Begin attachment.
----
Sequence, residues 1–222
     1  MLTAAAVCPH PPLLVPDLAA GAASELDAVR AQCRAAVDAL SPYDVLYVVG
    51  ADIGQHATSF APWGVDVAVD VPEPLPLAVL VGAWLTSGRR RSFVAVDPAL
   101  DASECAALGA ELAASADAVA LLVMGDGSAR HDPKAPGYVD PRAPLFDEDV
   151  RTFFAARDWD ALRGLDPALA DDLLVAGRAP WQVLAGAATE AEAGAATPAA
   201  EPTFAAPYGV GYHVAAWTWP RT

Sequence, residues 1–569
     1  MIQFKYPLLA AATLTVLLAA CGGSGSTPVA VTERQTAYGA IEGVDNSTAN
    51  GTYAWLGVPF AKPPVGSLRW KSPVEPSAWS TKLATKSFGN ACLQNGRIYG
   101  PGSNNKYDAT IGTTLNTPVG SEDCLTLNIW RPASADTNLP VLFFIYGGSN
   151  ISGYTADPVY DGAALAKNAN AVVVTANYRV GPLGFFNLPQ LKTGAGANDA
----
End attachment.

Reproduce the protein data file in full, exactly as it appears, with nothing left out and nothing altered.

Sequence, residues 1–222
     1  MLTAAAVCPH PPLLVPDLAA GAASELDAVR AQCRAAVDAL SPYDVLYVVG
    51  ADIGQHATSF APWGVDVAVD VPEPLPLAVL VGAWLTSGRR RSFVAVDPAL
   101  DASECAALGA ELAASADAVA LLVMGDGSAR HDPKAPGYVD PRAPLFDEDV
   151  RTFFAARDWD ALRGLDPALA DDLLVAGRAP WQVLAGAATE AEAGAATPAA
   201  EPTFAAPYGV GYHVAAWTWP RT

Sequence, residues 1–569
     1  MIQFKYPLLA AATLTVLLAA CGGSGSTPVA VTERQTAYGA IEGVDNSTAN
    51  GTYAWLGVPF AKPPVGSLRW KSPVEPSAWS TKLATKSFGN ACLQNGRIYG
   101  PGSNNKYDAT IGTTLNTPVG SEDCLTLNIW RPASADTNLP VLFFIYGGSN
   151  ISGYTADPVY DGAALAKNAN AVVVTANYRV GPLGFFNLPQ LKTGAGANDA